Instead, they had parked their car and walked a short distance.

Jules told them that we are walking the whole Chugoku region, from Bizen to Tottori.
They could not believe their ears, and said it must be so difficult since it is so mountainous, so long and so hot.

The truth is that now that we are adjusted to living from a small backpack, roaming around all day in all kinds of weather no longer feels hard to do.

In fact, it feels a bit cushy and easy.
After all, walking should not be hard for us humans.
It is only hard to be on our feet all day because we are out of shape, we are centered on careers, we over indulge, and we value what is not so good for us.

What we think, and believe we can do, becomes the limits of our reality.
I subscribe to the blog of a guy who hikes all over the world.
He walks 38-40 Kilometers daily, camps outdoors and carries all of his sleeping gear, food and water for days until he gets a chance to resupply.
He goes without bathing until he reaches a motel on the road.

Compared to him, I feel that Jules and I are on a luxury vacation.
We walk only 20-30 Kilometers per day.
We do not carry our sleeping gear, and we always sleep in comfortable places.
We often stay in beautiful and historic Onsen towns, enjoying a soak in the Hot Springs to soothe our muscles.
We are fed multi-course Kaiseki meals almost every dinner, to the point that we are happy to have days in which we can just have fruit for dinner.

If we still did not have inside us remnants of the old modality of thinking that everything that is physically demanding is “too hard to do,” this would be a pilgrimage of pure fun and enjoyment.

We do enjoy the walks, taking photos and seeing new places every day.
It is the sense of “hardship” that we are trying to eliminate from our minds.

We ended our walk in the Kute train station, because there were no trains after four thirty PM going back to Shimoko, where our hotel is located.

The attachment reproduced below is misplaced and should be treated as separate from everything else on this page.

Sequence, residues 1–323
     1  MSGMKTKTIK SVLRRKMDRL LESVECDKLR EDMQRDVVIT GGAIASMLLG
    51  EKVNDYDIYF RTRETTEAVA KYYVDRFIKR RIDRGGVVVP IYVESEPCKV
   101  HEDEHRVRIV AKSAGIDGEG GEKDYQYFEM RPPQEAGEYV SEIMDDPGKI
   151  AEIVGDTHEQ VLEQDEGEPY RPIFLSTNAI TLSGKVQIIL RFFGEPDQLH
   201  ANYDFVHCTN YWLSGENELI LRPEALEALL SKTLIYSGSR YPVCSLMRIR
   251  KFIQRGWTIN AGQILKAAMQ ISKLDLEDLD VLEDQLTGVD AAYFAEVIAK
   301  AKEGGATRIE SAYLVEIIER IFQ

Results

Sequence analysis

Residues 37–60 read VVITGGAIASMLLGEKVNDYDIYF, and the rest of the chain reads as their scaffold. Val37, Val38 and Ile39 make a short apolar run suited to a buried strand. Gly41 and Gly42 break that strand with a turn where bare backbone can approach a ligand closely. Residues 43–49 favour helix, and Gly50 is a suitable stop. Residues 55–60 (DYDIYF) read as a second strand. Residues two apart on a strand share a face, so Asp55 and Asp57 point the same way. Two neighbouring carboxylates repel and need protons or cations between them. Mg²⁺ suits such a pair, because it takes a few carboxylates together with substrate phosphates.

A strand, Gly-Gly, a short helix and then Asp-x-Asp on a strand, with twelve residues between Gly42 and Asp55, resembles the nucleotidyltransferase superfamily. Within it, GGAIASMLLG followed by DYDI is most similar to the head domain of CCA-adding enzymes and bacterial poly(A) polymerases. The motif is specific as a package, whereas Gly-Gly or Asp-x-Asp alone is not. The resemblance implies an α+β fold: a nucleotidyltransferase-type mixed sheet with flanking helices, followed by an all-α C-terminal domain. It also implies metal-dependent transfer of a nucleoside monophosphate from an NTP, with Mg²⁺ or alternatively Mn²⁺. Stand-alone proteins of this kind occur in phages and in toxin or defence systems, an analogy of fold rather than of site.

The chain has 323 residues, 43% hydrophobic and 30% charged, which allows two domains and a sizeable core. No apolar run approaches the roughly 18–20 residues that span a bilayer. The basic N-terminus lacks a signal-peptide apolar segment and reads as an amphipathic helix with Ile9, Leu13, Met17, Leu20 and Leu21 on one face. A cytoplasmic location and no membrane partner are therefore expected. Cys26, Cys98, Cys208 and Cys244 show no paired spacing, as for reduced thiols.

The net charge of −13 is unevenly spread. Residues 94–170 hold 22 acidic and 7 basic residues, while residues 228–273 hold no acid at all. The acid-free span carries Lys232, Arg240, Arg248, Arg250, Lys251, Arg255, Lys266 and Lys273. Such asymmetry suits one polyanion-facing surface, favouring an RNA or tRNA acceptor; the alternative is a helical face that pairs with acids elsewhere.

The next train was nearly at seven o’clock in the evening, which would have gotten us back after our scheduled dinner time.

The hotel was nearly empty tonight.
For the last two nights it was full of groups of people, but I did not have too many women in the hot springs pools.
I shared the pools with only one or two women.
Jules told me that he had lots of guys in the men’s hot springs pools every day.

The kitchen made us a vegetarian Kaiseki meal for dinner.
Kaiseki meals are very structured.
There is always a dish of raw sashimi, something in vinegar, something fried in tempura batter, a baked dish, a grilled or Nabe item, a collection of small appetizers, a tofu dish, a soup, a rice dish, pickles and a small dessert.

The vegetarian version included a Sashimi of Konyaku, a big slice of eggplant with sweet brown miso for the main course, a soup, tofu cooked in a Nabe with mushrooms and greens, pickles, rice, vegetables tempura, miso soup, hijiki in vinegar, a salad, and mochi and two slices of orange for dessert.

It has been a comfortable stay for us, with a sea-view room, an Onsen and lovely hot meals.

With love and warm blessings,
Tali

Daily Stats:
Steps: 35,467 steps
Distance Walked: 26 Kilometers
Active Walking: 6 hours
Total Time: 7 hours

Total distance walked on the pilgrimage so far: 887 Kilometers

Temple Visited: None

Accommodation: Onsen Hotel Senjoen, in Shimoko Hamada.
Seaside hot springs hotel with a white sandy beach, a hot spring bath overlooking the sea, comfortable and clean rooms and a good dinner and breakfast.